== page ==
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Bill Russell was the NBA’s king of championship rings – and far more important matters | NBA

If a person can somehow be widely adored while being simultaneously underappreciated, they must be truly great. The late NBA legend Bill Russell was a truly great person.

In the time since Russell’s death was announced by his family on Sunday, tributes have poured in from around the world. Among them was an eloquent eulogy from former US president Barack Obama in which he writes, “As tall as Bill Russell stood, his legacy rises far higher –both as a player and as a person.” Obama would know: he presented Russell with the Presidential Medal of Freedom in 2011. And yet, despite the outpouring of kind words in his memory of him, Russell may still be the most underappreciated icon in NBA history.

Before recognizing his wider impact, it’s worth laying out Russell’s basketball credentials. To begin with, Russell is the winningest player in NBA history and it’s not even really close. During his 13 seasons in the league, he has led the Boston Celtics to 11 NBA championships, including eight consecutive titles from 1959 to 1966. No other team has ever won more than three consecutively.

Russell, of course, would never claim that I have won those championships – the Celtics won them. He was the consummate team player who took pride in performing the glamorous but productive duties which ultimately won games. Russell once wrote, “The most important measure of how good a game I played was how much better I’d made my teammates play.” Even opponents seemed to notice how nice it looked to play with Russell: he was named the regular-season MVP five times during the era in which the award was determined by players’ votes.

Russell’s strengths were his rebounding and (especially) his defense. He played in an era before Defensive Player of the Year awards –they didn’t even record blocks and steals when Russell played – but it’s safe to say he would’ve won several. Hall of Fame point guard Bob Cousy won six championships with Russell and said he played with “animal intensity.” Russell also understood that the mental component of basketball (and of defense, in particular) can be as important as the game’s physical aspects. “Remember that basketball is a game of habits,” I observed. “If you make the other guy deviate from his habits, you’ve got him.”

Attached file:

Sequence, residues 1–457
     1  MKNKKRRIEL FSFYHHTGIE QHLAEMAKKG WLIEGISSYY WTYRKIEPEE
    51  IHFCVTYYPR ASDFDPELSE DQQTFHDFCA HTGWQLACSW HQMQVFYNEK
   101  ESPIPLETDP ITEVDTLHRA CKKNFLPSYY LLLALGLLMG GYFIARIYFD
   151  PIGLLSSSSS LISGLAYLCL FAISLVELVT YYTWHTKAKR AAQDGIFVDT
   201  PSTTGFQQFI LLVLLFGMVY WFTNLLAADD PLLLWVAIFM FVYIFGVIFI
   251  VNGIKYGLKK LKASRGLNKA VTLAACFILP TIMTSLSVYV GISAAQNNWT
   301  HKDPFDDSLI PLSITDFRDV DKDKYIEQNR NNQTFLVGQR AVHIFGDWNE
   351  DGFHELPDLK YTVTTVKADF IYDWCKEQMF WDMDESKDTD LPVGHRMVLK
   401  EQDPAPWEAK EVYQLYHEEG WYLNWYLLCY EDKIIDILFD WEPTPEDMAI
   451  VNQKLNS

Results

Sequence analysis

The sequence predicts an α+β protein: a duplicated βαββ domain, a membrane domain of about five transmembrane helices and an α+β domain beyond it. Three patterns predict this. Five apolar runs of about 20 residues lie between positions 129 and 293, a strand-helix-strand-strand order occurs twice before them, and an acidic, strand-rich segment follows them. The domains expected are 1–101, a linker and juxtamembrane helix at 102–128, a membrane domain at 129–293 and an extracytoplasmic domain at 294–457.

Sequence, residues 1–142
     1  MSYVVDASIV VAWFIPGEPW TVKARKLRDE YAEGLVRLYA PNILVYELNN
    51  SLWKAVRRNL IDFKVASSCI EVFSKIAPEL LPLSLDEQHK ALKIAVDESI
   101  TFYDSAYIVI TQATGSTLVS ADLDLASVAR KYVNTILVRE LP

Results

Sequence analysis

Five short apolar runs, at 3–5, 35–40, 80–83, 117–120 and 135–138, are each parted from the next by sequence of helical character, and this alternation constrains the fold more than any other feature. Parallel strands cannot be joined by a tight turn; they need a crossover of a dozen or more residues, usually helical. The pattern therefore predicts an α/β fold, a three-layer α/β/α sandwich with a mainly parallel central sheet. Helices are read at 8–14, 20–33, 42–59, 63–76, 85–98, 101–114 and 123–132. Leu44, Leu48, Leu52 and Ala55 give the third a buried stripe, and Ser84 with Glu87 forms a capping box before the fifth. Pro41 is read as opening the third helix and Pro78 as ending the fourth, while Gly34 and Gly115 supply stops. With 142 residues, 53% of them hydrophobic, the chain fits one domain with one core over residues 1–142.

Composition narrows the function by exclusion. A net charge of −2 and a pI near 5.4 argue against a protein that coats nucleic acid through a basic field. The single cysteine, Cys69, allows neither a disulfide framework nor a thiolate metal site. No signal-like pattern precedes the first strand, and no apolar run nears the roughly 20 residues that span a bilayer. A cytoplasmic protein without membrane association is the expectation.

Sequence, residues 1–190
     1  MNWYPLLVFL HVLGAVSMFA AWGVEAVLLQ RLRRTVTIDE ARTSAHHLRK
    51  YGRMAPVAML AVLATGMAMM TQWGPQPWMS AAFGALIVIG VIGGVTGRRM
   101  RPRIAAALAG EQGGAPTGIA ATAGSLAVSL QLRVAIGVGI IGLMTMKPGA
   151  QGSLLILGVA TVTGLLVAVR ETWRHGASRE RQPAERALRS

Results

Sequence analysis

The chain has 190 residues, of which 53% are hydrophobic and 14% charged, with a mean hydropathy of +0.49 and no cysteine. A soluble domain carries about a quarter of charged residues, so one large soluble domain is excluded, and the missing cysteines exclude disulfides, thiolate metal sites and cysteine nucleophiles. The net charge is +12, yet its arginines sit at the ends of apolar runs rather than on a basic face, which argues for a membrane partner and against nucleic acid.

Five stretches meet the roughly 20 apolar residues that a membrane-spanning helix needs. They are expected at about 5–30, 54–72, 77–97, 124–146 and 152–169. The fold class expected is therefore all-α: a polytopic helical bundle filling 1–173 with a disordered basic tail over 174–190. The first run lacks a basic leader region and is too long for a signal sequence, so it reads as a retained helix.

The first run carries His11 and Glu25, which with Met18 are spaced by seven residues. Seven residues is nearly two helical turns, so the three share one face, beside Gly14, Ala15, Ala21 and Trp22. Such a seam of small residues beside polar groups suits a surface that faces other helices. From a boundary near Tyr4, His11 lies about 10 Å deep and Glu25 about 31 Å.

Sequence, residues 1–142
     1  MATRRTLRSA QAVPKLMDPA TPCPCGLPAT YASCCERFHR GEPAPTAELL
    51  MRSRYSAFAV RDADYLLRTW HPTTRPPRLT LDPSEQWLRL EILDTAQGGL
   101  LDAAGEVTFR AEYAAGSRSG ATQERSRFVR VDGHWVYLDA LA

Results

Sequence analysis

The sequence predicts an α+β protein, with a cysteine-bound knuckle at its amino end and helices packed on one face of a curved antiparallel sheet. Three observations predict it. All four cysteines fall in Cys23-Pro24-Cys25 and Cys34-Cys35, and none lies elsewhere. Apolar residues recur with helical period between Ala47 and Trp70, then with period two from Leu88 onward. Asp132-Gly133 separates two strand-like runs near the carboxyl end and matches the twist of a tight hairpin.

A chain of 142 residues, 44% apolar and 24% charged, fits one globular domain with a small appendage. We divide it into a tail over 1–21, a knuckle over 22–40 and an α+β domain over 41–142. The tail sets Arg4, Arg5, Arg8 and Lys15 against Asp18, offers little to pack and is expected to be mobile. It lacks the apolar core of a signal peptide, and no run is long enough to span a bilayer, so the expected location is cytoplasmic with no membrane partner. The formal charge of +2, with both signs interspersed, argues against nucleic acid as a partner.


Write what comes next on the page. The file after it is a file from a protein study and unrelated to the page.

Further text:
Bill Russell speaks during a DNC fundraiser attended by then-US president Barack Obama at the Boston Center for the Arts in 2011. Photograph: Mandel Ngan/AFP/Getty Images

Russell also had a knack for playing at his best when it mattered most. During his first championship run in 1957, Russell blocked Jack Coleman in the final minute of regulation in the deciding Game 7 to keep the Celtics in the game and allow them to eventually win the title. In another Game 7 that also went to overtime, in 1962, Russell scored 30 points and grabbed 40 rebounds, leading his team in both categories. In fact, Russell seemed to keep a secret gear just for Game 7s: his teams were 10-0 in such games throughout his career, an NBA record. Russell never won an NBA finals MVP (the award was only introduced in his final season), but the fact that the NBA eventually named that trophy after him demonstrates how inextricably linked Russell’s play was with championship excellence.

However, while the on-court accolades establish Russell as one of the greatest players to ever touch hardwood, it was his activism off the court that made him a legend. Russell was the NBA’s first Black superstar at a time when legalized racial segregation still existed in much of the country. The Civil Rights Act would not be passed until Russell’s eighth year in the NBA.

Russell’s celebrity didn’t insulate him from the issues facing the rest of the country. He was subjected to racism throughout his career, even in Boston, the city he represented for 13 years: vandals once broke into his Massachusetts home and covered the walls with racist graffiti. Such bigotry and intimidation tactics, however, never prevented Russell from taking a stand against the injustices around him. In 1961, he boycotted a game in Kentucky after a white waitress refused to serve two of his Black teammates at a coffee shop. In 1967, Russell appeared alongside boxer Muhammad Ali to express his support for Ali’s refusal to serve in the Vietnam War. Russell’s record of civil rights advocacy is substantial.

And so, despite his countless athletic achievements, that is probably Russell’s most significant legacy: his commitment to using his platform as basketball star to amplify his political actions. The NBA outperforms other sports leagues when it comes to addressing social issues in a head-on way, and that is a consequence of Russell’s early example of him. Every time LeBron James fights election misinformation or Steve Kerr advocates for gun control, they’re following a trail blazed by Russell. Russell’s on-court accomplishments may never be touched, but his off-court legacy is in good hands.

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